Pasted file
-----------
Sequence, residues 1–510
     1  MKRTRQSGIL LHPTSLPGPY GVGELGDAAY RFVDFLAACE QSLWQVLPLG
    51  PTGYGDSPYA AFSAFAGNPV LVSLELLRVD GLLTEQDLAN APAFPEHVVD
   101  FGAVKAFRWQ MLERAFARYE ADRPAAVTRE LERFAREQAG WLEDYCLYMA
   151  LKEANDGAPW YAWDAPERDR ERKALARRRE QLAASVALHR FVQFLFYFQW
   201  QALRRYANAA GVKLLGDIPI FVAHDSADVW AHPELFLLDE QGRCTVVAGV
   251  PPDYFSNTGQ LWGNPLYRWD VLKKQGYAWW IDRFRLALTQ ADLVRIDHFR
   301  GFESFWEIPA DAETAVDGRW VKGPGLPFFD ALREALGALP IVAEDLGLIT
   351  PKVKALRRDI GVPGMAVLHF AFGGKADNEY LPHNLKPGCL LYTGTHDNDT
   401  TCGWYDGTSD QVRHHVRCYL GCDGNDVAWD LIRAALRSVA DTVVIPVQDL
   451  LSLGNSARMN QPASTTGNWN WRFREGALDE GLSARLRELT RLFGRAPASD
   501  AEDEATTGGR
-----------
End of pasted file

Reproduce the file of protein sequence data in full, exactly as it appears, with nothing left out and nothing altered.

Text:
Sequence, residues 1–510
     1  MKRTRQSGIL LHPTSLPGPY GVGELGDAAY RFVDFLAACE QSLWQVLPLG
    51  PTGYGDSPYA AFSAFAGNPV LVSLELLRVD GLLTEQDLAN APAFPEHVVD
   101  FGAVKAFRWQ MLERAFARYE ADRPAAVTRE LERFAREQAG WLEDYCLYMA
   151  LKEANDGAPW YAWDAPERDR ERKALARRRE QLAASVALHR FVQFLFYFQW
   201  QALRRYANAA GVKLLGDIPI FVAHDSADVW AHPELFLLDE QGRCTVVAGV
   251  PPDYFSNTGQ LWGNPLYRWD VLKKQGYAWW IDRFRLALTQ ADLVRIDHFR
   301  GFESFWEIPA DAETAVDGRW VKGPGLPFFD ALREALGALP IVAEDLGLIT
   351  PKVKALRRDI GVPGMAVLHF AFGGKADNEY LPHNLKPGCL LYTGTHDNDT
   401  TCGWYDGTSD QVRHHVRCYL GCDGNDVAWD LIRAALRSVA DTVVIPVQDL
   451  LSLGNSARMN QPASTTGNWN WRFREGALDE GLSARLRELT RLFGRAPASD
   501  AEDEATTGGR